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Tuesday, August 10, 2010

Photoshop CS5: What’s In It For You

As the newest update to the pro standard enters the creative marketplace, we look at how some of the new features will affect professional photographers

This Article Features Photo Zoom

The new Content Aware capabilities are in CS5’s Spot Healing Brush and Fill command. This feature has been heralded by many in the aftermath of the software launch. In this image, the photographer used the tool in a radical way to remove a tower that was jutting into the frame. Content Aware is a very useful feature for fixing imperfections in an image quickly and easily. Content Aware Cleanup AFTER.

For professional photographers, having the latest version of Photoshop is a good idea. An upgrade to Photoshop CS5 includes some powerful new features (and improvements to existing ones) that have the potential to translate into a better workflow and better images.

The Lens Correction filter appears in CS5 as a top-level filter. The filter now analyzes the metadata for the image, and if there’s a profile for the sensor and lens, it will make changes automatically. You also can select a camera/lens combination or build a custom profile.
Lens Correction
The Lens Correction filter is no longer hidden under the Filter > Distort menu, but rather has been elevated to a position at the top level of the Filter menu. That’s a significant upgrade, and the new capabilities of the Lens Correction filter certainly warrant this new placement. Most significantly, the Lens Correction filter now will read the metadata in the image to determine the lens and camera used to capture the original photograph. If this information is present, and there’s a profile for the lens and imaging sensor dimensions (which is determined based on the camera model), corrective adjustments can be applied to the image automatically. If an exact match isn’t available, you may be able to get good results by choosing a lens and camera combination that most closely matches those used to capture the image, but in that case you may be better off building a custom profile using the Adobe Lens Profile Creator, which is available as a free download from Adobe Labs (labs.adobe.com).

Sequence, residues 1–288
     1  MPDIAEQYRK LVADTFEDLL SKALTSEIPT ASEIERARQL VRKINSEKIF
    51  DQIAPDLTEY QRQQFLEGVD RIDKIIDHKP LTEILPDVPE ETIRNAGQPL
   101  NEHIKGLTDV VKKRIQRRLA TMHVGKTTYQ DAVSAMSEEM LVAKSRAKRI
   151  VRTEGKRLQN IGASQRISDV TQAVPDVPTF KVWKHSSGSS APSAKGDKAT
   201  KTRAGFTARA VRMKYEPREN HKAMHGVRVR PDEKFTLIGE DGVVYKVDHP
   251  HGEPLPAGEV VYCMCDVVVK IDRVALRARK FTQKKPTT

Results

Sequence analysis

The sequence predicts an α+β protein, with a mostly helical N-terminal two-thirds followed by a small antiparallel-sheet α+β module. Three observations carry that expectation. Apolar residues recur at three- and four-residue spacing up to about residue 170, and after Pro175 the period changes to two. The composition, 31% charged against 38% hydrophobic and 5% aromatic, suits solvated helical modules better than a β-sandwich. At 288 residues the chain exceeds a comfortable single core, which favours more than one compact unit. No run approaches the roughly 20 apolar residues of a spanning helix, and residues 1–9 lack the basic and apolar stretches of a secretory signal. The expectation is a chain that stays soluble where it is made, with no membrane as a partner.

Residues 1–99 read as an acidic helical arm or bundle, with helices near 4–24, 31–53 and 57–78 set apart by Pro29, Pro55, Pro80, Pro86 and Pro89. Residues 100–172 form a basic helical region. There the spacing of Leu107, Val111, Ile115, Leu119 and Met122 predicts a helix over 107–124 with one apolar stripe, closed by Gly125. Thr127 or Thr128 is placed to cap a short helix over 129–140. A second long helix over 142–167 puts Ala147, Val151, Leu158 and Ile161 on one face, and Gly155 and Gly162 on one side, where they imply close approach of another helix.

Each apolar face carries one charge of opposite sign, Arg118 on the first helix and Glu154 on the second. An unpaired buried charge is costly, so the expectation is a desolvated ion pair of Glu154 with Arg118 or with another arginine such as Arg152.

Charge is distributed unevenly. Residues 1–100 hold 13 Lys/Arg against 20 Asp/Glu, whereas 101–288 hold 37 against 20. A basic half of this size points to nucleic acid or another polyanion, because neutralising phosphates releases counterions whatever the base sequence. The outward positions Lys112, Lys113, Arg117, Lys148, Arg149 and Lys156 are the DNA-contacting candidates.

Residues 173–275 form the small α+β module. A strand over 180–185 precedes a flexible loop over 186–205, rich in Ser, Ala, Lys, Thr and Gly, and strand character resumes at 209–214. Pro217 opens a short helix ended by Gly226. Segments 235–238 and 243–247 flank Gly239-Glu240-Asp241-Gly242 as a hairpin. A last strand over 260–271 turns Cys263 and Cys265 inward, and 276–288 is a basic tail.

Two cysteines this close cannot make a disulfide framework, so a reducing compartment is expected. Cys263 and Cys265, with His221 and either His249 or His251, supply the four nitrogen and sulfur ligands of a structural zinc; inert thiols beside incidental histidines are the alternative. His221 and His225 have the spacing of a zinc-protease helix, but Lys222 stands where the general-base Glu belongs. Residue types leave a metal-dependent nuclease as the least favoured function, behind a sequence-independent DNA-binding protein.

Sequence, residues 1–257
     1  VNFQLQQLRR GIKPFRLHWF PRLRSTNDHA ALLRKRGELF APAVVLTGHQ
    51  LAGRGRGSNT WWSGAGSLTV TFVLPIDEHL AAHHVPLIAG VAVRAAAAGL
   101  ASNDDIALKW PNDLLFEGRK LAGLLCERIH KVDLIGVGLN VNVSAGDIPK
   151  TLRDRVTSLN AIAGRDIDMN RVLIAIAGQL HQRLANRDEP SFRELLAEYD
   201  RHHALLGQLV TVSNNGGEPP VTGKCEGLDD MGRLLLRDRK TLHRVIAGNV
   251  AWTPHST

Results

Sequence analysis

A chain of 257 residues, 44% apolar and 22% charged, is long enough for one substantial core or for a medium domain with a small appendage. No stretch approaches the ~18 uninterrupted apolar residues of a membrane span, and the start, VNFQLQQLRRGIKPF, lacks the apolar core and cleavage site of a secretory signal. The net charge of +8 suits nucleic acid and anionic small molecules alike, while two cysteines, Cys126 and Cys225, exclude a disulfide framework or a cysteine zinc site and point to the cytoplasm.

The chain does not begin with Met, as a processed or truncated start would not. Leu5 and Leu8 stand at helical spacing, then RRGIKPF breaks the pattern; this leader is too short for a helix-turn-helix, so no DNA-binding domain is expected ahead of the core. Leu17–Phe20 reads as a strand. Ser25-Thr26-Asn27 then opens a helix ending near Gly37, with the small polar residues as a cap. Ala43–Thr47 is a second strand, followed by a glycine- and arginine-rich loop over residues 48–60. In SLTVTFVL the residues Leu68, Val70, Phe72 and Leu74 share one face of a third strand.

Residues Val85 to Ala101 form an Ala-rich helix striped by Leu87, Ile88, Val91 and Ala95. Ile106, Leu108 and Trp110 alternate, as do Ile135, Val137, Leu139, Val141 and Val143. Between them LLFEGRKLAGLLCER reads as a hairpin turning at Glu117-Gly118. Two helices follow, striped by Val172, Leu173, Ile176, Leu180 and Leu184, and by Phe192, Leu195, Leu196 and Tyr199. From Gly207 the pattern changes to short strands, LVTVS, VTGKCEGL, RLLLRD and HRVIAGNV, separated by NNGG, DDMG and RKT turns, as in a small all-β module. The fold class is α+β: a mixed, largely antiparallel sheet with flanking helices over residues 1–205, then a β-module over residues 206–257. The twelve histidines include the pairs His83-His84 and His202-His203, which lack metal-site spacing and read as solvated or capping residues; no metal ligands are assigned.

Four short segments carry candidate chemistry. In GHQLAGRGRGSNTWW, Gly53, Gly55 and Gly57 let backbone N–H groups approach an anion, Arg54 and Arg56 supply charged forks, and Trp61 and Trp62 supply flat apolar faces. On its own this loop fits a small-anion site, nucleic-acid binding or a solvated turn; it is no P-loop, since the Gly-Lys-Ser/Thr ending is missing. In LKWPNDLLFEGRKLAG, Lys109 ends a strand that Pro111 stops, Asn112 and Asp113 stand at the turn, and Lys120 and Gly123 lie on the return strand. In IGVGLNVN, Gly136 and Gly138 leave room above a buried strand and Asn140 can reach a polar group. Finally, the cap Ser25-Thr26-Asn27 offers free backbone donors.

The automatic adjustments include Geometric Distortion (to correct perspective issues), Chromatic Aberration and Vignette. To be sure, these adjustments were available in prior versions of Photoshop. As a photographer who has been using Photoshop for a while, you may be reluctant to utilize any automatic adjustments. But when it comes to Lens Correction, there’s no need to be nervous. To begin with, you can choose which specific adjustments you want applied automatically. Even better, you can choose the Custom tab to reveal the controls you’re already familiar with from a prior version of Lens Correction. There you’ll notice the controls you may already know, though the Chromatic Aberration sliders now include a Blue/Yellow slider in addition to Red/Cyan and Green/Magenta.


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